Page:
horn "Clan" were present and
Carol received many lovely gifts.
Games were played throughout!
the evening, after which ice cream |
and cake were served.
Nuggets
Pete Spurzem of the Kalispell j
Highway Department was a busi
ness visitor in Eureka, Wednesday,
March 27.
Mr. and Mrs. Bill Howe were
Kalispell visitors on Thursday,
Mrs. Ed Richardson left for Lib
by Wednesday to attend the Royel
Neighbor meeting. She will go
there to Spokane where she
will spend several days with her
S1S ^ > • Mrs- L. Lewis.
irr' .^ uhm 4 iIler and B* 11 w & c
KalispeR visitors one day last week.,
Sheriff Frank Baney was in Eur- ,
eka on business Wednesday.
The Royal Neighbor sewing circle
met at the home of Mrs, Chet Fluid ■
with Mrs. Jacob Erie assisting hos
jtess. Friday, March 29. After the
meeting a delicious lunch
was
served by the hostess.
j Mrs. Jessie Knight spent Monday
|°f last week in Kalispell.
I Dale Edwards of the Kalispell
! Highway Department was in Eur
| eka on business Wednesday,
j A new store opened March 26
! in the Masonic building. Mr. Me
Faddin sells both meat and groc
ories in this modern up-to-date
! store.
Mrs. Norman Korn returned from
a visit with her parents in Ana
conda Wednesday March 27.
Mrs. Jacob Erie and daughter
! Ardis accompanied Mrs. Erie's*
,father, P. J. Jacobson, to New Port,!
Wash., where Mr. Jacobson will
visit his son Francis.
Mrs. Maude Brown and son of
Whitefish visited at the home of j
Mr. and Mrs. Dell Pike Tuesday
°f last week,
Bobby Shenefelt of Kalispell visi
I ted at the home of his grandparents
! Mr. and Mrs. Frances Shenefelt-over
forjfbe week-end.
Russell Anderson and family of
Kalispell and Mrs. Robert Deseve
and daughter Sandra of Spokane
j visiting at the home of Mr. and
Mrs. Pete Anderson,
Mr. and Mrs. P. J. Zook
Kalispell visitors Saturday,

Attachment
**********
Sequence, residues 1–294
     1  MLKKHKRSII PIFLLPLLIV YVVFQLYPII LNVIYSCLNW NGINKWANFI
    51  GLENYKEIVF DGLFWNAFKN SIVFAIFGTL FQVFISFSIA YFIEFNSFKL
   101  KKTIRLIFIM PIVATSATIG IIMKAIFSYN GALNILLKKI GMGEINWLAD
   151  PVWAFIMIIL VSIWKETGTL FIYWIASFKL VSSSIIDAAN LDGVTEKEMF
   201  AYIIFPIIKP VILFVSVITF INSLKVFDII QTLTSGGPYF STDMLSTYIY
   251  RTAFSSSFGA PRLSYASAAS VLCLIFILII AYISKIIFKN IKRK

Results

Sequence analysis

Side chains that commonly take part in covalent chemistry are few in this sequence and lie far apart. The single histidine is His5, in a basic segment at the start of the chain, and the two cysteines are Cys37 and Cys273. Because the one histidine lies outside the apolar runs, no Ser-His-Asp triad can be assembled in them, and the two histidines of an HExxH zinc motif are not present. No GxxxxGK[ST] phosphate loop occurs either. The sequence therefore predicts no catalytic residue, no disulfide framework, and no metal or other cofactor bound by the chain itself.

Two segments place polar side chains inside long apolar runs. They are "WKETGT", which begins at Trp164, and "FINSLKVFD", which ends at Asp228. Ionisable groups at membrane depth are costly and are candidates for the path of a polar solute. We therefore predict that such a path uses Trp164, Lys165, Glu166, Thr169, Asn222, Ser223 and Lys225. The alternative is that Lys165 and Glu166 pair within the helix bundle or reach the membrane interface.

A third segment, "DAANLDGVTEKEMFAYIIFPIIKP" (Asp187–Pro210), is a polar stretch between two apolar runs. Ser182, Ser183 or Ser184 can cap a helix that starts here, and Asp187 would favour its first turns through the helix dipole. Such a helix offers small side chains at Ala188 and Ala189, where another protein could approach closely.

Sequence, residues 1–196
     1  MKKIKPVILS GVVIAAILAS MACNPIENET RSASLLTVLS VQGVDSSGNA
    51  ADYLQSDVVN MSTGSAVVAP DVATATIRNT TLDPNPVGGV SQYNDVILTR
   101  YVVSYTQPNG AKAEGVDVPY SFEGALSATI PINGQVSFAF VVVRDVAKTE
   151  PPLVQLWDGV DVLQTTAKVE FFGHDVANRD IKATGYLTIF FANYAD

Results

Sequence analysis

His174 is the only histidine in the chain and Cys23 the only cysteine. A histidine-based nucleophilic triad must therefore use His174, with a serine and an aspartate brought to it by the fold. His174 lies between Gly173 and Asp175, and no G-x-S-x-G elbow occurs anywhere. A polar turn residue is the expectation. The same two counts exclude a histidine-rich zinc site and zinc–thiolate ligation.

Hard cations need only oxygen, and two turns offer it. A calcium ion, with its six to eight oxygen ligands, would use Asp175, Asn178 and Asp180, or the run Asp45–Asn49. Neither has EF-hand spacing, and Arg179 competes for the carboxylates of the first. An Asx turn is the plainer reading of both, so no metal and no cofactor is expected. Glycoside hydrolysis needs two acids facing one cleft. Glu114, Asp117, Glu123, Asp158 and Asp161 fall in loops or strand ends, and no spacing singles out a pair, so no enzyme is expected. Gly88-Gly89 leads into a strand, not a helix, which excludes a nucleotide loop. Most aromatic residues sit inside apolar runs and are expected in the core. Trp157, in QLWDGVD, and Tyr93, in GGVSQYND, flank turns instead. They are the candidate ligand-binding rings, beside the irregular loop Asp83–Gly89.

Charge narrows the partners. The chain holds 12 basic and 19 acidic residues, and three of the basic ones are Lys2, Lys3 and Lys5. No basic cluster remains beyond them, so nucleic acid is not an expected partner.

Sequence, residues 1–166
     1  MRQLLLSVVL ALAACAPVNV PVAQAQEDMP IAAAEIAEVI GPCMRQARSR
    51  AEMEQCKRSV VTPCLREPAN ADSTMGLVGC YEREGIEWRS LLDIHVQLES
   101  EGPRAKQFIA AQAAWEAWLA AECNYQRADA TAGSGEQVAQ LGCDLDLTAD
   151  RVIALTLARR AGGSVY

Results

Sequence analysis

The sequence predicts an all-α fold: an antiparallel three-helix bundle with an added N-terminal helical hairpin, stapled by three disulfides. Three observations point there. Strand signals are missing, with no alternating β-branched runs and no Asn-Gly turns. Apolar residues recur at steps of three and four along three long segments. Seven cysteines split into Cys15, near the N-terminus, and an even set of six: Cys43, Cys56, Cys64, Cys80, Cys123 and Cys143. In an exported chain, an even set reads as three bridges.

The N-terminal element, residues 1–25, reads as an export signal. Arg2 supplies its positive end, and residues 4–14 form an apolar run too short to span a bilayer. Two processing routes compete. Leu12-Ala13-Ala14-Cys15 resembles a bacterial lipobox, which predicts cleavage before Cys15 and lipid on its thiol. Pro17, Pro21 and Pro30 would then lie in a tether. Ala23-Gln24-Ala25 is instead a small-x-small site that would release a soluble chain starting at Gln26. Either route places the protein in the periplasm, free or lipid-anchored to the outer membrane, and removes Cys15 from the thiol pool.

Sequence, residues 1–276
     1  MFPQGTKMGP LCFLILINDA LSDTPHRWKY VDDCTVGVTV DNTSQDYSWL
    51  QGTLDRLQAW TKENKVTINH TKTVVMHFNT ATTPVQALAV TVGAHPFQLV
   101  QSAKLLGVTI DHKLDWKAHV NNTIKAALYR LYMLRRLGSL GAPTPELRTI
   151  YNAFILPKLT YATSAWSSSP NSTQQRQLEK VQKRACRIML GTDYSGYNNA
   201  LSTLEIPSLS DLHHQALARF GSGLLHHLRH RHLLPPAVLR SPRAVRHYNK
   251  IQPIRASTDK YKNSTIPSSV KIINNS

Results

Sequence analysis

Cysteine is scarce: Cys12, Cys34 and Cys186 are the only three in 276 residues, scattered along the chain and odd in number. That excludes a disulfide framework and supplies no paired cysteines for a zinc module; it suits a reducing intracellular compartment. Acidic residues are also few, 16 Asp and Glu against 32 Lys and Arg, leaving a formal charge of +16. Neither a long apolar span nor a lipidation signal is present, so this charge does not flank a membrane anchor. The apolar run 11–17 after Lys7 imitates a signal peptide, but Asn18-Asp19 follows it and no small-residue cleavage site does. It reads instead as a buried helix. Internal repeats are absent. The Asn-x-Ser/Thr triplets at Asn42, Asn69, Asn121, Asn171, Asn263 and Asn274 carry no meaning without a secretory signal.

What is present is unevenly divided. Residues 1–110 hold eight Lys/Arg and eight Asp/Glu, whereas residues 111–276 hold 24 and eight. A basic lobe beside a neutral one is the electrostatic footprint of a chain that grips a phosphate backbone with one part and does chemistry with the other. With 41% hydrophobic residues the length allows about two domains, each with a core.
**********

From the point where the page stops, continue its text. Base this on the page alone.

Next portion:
there they motored down to Mr.
and Mrs. George Zook's on the
East Shore of Flathead Lake and)
spent Saturday night and Sunday, j
Mr. and Mrs. Jack Stevens spent !
Saturday in Kalispell.
Tom Price was
business Monday,
Mrs. Norman Korn held a recital j
at her home Saturday, March 23.
Vera Humphrey visited Etta Roo
of Roosville over the weekend,
Fred Rock drove to Rollins Sat
urday, returning Sunday with Mrs.
Rock who had been visiting their
daughter, Mrs. Weldon
are
were
From *
in Kalispell on j
the
Past two weeks,
companied by their small grandson, I
Bobby. '=■
A dance was given Saturday nite j
at Grassmere, Canada.
Bill Buhmiller and Dale Broder
ick went to Kalispell to visit Bob!
Rhodes.
Dick Ingram is home with his 1
several
They were ac
discharge after spending
months in the U. S. Army.
Mrs. Jack Alvana returned Sun
day night from a weeks visit with I
her parents in Malta.
Mr. and Mrs. Claire Martin and
children of Kalispell visited at the
home of Mrs. Martin's parents, Mr.
and Mrs. Pete Anderson over the
weekend.
Word has been received in Eureka I
of the serious illness of Gale McKain I
of Helena. Mr. McKain made his
home in Eureka for many years, j
Mr. and Mrs. Aldus Mackey
visiting Mrs. Mackey's parents, Mr. I
and Mrs. E. L. Smith at Kalispell.
Mr. and Mrs. Chester Clark and
family were guests to a steak din-1
ner Thursday night at the home of
Mr. and Mrs. Merlin Scott, after
which the Clark family enjoyed I
Seeing many Souvenirs sent to the i
Scott family from
are